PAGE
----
I attended college out of state (primary residence was California, but went to college in New York), thanks largely to the scholarships I received from a private college. While in college, I was on my mother’s health insurance plan she had through her job. Despite her working for a municipal government and in a unionized role, we still could not afford more than the lowest cost plan. And while I was in high school, it was great for local care especially because I do not have major health concerns.
But when I went to New York for college, I quickly learned that the health insurance plan I thought worked for me, only worked because of where I was located. While in college, I did not have access to a primary care doctor or preventative healthcare. During the fall semester of my junior year, I woke up one morning and my shoulder was stiff and sore: it even hurt to put on my jacket or backpack. Several days went by and one night I suddenly got very dizzy and my whole arm went numb. With both sides of my family having heart conditions, I knew this wasn’t the time to worry about coverage: I needed to go to the emergency room. We called our campus’ Public Safety and they drove us to the emergency room that was only a few blocks away from campus.
When I checked in, they of course asked for insurance. So I handed them my one and only insurance card. In California this was all I had ever needed. But the staff working asked where my second card was, she was only familiar with New York health insurances.
Shortly after I was seen, I explained to the ER nurse what I had been experiencing the last few days and the reason I came in today–family history. I was hooked up to a heart monitor, a nurse pricked my finger to check my blood sugar levels and I was taken in for an x-ray. Thankfully I was not seriously ill: only a pinched nerve. I was asked if I wanted a prescription for a higher dosage of ibuprofen than what I could get over the counter. I declined, I was back to worrying about the cost. I went home and did my best to rest, well the best that a full time college student could rest.
Two weeks later my mother called me. She asked why I hadn’t given the hospital my insurance– She had just received a bill for the full cost of my hospital visit. After calling our insurance company, they informed us it was not “medically necessary” for me to go to the emergency room. Of course they didn’t take into account that at midnight the only health care open was the emergency rooms, and I would not have known it wasn’t medically necessary unless I went to the emergency room. After months of fighting both our insurance provider and the local hospital, we managed to get our bill down to the $500 maximum for emergency visits.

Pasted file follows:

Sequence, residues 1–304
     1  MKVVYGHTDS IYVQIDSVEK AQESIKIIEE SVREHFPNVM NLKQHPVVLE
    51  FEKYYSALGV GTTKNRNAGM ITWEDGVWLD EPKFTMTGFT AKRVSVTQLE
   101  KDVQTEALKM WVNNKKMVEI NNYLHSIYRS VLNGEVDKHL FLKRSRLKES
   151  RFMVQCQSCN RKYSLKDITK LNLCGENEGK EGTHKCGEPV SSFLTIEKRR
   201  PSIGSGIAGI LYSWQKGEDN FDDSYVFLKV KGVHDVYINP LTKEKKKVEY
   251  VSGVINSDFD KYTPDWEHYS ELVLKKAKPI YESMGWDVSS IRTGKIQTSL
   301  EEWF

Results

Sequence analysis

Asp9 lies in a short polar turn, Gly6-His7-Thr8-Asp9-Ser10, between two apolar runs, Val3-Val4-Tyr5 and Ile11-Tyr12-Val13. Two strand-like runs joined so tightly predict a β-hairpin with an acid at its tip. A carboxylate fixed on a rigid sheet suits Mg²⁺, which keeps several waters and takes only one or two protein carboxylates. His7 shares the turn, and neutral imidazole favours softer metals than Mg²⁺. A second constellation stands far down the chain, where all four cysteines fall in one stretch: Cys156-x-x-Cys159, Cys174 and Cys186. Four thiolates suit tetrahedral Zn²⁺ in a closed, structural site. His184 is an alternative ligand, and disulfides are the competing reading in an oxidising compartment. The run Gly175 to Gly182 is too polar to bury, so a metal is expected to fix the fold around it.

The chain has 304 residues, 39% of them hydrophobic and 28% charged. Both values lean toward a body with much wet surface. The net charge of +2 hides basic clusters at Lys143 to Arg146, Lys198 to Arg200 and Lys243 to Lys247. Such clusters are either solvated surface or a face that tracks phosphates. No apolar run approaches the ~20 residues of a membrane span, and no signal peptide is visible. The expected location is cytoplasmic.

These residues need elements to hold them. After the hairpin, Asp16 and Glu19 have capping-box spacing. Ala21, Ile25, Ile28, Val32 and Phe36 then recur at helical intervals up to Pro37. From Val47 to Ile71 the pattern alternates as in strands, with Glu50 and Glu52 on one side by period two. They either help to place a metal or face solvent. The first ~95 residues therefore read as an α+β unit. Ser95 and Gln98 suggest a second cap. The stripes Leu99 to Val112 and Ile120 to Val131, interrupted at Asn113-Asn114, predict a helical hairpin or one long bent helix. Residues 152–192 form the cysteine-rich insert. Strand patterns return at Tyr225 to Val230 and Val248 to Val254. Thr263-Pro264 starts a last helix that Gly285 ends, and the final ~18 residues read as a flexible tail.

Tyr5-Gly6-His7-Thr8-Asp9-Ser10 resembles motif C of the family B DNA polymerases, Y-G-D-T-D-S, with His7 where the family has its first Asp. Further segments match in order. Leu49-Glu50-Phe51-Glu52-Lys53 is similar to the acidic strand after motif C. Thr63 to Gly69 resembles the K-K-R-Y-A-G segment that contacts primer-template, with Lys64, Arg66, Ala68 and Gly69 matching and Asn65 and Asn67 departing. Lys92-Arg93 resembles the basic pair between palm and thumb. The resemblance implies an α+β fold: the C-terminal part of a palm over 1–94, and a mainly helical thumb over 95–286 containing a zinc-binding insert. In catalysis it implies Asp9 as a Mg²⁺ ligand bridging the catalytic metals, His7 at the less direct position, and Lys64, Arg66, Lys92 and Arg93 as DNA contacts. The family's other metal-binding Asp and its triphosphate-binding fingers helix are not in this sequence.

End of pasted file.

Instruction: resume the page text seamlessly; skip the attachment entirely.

My first job after college was environmental justice based community organizing in the San Francisco Bay Area. My first question was not how much I would make, room for growth, or company policy–It was healthcare coverage. The cheapest plan available to me was $300 a month. I was expected to spend ¼ of my monthly income on health insurance “just in case”. With rent, high cost of living, and my six month grace period on my student loans coming up, I knew I wouldn’t be able to afford health insurance through my employer. And the Department of Education would not take “sorry I need health insurance” as a valid reason to not pay back my loans. I have never in my life felt so fortunate to be a healthy adult with no chronic health conditions.
I have personally seen how flawed both the healthcare provided is and the health insurance industry. We need a healthcare system that is easy to understand and works for all people. When individuals are seeking healthcare whether that be preventative, treatment for long or short term conditions, or emergency care they should be able to focus on their health and wellbeing not just what they are able to afford before going broke.